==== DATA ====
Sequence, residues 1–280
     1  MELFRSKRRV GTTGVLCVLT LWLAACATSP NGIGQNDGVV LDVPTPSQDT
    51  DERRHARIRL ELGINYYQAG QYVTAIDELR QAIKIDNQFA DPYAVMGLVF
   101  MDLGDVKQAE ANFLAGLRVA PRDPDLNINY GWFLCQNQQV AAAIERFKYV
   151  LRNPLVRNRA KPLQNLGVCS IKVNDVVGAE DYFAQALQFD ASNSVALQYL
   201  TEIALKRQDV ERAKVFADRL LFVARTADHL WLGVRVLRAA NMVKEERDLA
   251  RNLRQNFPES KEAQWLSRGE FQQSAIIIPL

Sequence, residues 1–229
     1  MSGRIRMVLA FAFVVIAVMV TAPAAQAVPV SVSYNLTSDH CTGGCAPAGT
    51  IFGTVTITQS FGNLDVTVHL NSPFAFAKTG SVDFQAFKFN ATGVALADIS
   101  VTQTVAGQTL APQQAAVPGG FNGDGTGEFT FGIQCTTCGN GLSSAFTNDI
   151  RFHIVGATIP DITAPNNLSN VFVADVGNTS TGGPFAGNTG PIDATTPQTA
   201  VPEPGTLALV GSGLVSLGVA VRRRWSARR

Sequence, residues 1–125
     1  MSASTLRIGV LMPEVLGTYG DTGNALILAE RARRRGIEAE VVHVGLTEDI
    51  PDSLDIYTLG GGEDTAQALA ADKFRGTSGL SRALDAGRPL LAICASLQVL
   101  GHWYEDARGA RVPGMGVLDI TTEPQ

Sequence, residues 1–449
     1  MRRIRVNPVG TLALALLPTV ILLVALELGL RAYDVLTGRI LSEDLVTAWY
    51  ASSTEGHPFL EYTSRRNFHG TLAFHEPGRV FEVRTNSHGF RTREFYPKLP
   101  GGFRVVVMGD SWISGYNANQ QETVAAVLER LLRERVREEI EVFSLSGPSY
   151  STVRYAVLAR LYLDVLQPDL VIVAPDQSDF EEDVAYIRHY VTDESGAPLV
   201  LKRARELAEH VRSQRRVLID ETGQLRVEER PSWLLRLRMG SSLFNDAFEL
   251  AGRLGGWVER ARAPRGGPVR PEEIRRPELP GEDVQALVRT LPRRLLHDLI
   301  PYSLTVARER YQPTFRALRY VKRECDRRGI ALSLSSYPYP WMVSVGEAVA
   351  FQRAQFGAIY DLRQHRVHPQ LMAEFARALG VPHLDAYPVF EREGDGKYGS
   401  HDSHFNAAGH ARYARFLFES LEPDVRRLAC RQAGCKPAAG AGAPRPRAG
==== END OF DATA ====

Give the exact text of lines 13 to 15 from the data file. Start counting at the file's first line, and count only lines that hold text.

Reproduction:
   201  VPEPGTLALV GSGLVSLGVA VRRRWSARR

Sequence, residues 1–125
     1  MSASTLRIGV LMPEVLGTYG DTGNALILAE RARRRGIEAE VVHVGLTEDI